This post is not perfect, but it will do for now.
I recently came across a news article stating that “Chimpanzees and monkeys have entered the Stone Age” (link here)
Archaeologists discovered that humans were not the only ones who had used tools during the Stone Age period. They unearthed evidence indicating that chimpanzees also used tools, made out of stone, to crush nuts.
While this is not the first time we see animals using tools (for example, many birds and fish do use objects found in their environment to help them find food), archaeologists stated that it is rare for primates, other than humans, to makes tools out of stones. For this reason, one might argue that chimpanzees and monkeys might not be so different from us after all. In fact, it is very possible that they have the potential to develop more advanced tools.
This finding is interesting because it leads to the questions of whether chimpanzees, primates, and other animals believe in god. Do animals have spirituality? Are they religious? I have read an argument that goes something like this:
If animals do believe in their version of god, then their spirituality must be much more advanced than our (human) spirituality because, at the very least, they don’t sacrifice their members to the god(s).
In Nepal, for example, there is a festival by the name of Gadhimai Mela where Hindus sacrifice thousands of goats, buffaloes, and pigeons (350,000 animals in 2009) to the Hindu Goddess of Power. Take a look at the pictures here and the sight might be somewhat alarming.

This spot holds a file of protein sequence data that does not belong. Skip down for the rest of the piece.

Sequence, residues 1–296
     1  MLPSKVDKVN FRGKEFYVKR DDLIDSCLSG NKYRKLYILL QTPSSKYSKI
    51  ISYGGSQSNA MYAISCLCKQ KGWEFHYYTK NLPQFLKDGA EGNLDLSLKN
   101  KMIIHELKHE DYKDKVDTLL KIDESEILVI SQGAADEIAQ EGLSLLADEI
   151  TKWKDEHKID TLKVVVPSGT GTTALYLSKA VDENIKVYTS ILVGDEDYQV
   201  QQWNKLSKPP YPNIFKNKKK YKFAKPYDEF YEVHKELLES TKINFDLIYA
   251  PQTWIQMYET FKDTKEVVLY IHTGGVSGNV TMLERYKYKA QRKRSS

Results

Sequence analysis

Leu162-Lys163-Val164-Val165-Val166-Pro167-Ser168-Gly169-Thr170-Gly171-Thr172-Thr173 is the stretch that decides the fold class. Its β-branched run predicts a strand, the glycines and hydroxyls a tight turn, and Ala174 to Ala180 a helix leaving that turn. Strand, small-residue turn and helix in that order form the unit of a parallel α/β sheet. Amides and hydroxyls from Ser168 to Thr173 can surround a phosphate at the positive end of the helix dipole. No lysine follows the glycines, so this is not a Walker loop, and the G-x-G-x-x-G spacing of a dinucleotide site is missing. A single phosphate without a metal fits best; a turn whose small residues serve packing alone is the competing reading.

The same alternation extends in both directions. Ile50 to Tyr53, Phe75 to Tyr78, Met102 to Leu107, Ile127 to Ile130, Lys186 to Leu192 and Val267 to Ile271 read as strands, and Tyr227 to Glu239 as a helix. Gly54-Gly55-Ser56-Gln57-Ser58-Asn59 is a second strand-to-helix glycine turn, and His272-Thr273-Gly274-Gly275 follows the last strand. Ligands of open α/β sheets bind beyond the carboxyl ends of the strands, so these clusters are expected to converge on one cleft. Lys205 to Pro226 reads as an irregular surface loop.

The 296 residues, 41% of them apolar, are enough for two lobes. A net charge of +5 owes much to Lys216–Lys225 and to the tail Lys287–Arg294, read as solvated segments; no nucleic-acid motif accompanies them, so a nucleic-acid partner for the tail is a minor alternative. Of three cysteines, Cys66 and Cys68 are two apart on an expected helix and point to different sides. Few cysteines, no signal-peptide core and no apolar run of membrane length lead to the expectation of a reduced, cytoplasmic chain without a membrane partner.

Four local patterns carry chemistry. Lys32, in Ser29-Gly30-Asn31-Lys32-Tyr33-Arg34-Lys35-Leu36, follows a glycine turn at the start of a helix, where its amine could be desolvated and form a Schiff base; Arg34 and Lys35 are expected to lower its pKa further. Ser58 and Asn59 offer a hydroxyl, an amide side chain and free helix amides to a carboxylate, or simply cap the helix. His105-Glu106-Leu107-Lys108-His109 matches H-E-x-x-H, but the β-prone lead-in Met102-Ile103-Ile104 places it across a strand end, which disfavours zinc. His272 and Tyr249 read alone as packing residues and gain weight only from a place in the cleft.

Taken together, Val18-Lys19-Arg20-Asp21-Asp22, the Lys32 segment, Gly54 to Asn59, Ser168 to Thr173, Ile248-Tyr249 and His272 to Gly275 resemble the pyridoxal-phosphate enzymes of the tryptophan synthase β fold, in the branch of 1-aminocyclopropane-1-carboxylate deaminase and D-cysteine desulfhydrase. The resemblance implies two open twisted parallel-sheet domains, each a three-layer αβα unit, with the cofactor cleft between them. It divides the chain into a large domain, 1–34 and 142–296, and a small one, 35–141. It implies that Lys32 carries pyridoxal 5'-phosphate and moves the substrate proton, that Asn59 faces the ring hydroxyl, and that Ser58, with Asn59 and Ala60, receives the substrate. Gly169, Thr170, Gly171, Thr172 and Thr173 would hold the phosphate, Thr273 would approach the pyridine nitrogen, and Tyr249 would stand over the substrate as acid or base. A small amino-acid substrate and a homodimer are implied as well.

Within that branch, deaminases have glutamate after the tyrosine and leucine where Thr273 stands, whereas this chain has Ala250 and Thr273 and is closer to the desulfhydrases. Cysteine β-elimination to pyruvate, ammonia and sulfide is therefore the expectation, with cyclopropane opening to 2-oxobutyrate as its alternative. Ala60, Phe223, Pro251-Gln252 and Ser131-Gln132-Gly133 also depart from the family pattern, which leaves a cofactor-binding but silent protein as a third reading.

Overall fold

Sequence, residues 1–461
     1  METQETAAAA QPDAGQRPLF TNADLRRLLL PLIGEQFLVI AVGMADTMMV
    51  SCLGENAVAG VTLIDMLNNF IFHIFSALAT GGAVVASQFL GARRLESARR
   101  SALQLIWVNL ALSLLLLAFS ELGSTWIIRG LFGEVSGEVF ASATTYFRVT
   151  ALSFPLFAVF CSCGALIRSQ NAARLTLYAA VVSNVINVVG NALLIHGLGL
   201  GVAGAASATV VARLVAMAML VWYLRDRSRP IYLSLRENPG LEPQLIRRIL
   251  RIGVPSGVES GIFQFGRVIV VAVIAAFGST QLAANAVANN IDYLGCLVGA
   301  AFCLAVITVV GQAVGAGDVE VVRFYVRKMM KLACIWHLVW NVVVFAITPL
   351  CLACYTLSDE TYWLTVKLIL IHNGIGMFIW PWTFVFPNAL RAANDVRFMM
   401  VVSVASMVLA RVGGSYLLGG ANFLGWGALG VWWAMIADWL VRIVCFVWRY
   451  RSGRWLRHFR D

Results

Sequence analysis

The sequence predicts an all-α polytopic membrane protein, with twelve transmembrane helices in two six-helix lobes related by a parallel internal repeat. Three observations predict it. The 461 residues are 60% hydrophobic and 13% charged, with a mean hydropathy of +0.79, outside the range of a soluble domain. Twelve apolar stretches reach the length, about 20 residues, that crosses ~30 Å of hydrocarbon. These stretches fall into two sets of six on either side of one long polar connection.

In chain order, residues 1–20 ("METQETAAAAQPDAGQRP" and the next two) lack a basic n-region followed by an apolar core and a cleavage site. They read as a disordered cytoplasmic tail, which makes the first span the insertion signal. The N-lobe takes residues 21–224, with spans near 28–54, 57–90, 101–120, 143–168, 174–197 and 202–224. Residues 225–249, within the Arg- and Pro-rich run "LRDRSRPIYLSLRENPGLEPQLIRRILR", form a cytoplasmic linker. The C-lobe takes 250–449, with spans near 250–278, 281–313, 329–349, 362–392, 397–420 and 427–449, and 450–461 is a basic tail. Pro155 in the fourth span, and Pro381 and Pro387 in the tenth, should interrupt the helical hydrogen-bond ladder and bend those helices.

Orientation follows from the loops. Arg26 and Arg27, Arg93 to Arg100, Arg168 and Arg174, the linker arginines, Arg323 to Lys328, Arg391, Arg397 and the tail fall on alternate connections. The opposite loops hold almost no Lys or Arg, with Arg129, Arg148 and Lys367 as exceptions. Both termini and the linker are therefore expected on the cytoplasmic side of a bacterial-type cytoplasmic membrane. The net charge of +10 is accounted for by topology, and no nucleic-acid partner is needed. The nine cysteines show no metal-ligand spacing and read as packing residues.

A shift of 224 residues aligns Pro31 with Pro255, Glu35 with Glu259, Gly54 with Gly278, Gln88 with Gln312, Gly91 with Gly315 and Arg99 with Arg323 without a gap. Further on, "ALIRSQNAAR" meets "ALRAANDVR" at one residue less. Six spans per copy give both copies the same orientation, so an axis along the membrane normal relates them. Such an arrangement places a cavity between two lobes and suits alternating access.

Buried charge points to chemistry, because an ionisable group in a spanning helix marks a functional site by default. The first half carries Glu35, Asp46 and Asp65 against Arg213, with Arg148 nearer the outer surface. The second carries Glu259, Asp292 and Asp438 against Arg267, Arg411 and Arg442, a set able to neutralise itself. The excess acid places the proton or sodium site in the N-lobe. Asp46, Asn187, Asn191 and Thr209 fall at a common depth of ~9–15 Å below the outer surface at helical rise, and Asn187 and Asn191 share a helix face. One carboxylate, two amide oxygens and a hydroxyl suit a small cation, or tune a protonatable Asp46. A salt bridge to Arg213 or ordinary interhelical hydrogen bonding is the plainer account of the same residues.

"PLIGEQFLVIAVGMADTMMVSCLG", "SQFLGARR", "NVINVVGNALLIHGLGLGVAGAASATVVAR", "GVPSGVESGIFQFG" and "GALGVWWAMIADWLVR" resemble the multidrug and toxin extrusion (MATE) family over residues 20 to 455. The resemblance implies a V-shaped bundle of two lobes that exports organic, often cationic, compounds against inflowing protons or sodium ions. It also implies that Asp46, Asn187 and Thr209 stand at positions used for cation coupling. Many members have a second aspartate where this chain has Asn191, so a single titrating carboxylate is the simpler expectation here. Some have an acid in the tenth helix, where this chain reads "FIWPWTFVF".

In other words, the conundrum (as highlighted by this article) is that:
If it is proven that animals have a true sense of the divine (a sensus divinitatis), what would that mean for human spirituality and religion? How would we treat animals – particularly those that we eat for food – in light of this?
Adding to the discussion, it has also been suggested that god might communicate to animals and other life forms in ways that only they could understand. “Just as animals cannot understand our ways of spirituality, it might just well be the case that we cannot understand their specific ways of worshiping God.” (reference article here)
Therefore, ‘animal religion’ might simply be very different from human religion. After all, who is to say that our understanding of religion is the only conception of the spiritual experience?
Let’s look at another example. Many biologists have observed that chimpanzees exhibit “what we would, could call a religion type service.” A detailed description of their behavior is provided here:
“After they have had breakfast, they’ve closed their nests and so on and they feel safe they’ll usually sit in someplace which is like a clearing and they’re protected by trees…The dominant males don’t bother the youngsters as much. The females interact with each other and the youngsters and there is a lot of grooming that goes on.
While these behaviors might not be very religiously complex (we might even think they are not significant), it doesn’t rule out the possibility that these behaviors represent their “religion emotions”. In fact, some neurologists argue that “animals are capable of having spiritual experiences” because these experiences come “the primitive parts of the human brain, structures that are also shared by animals.” (reference here)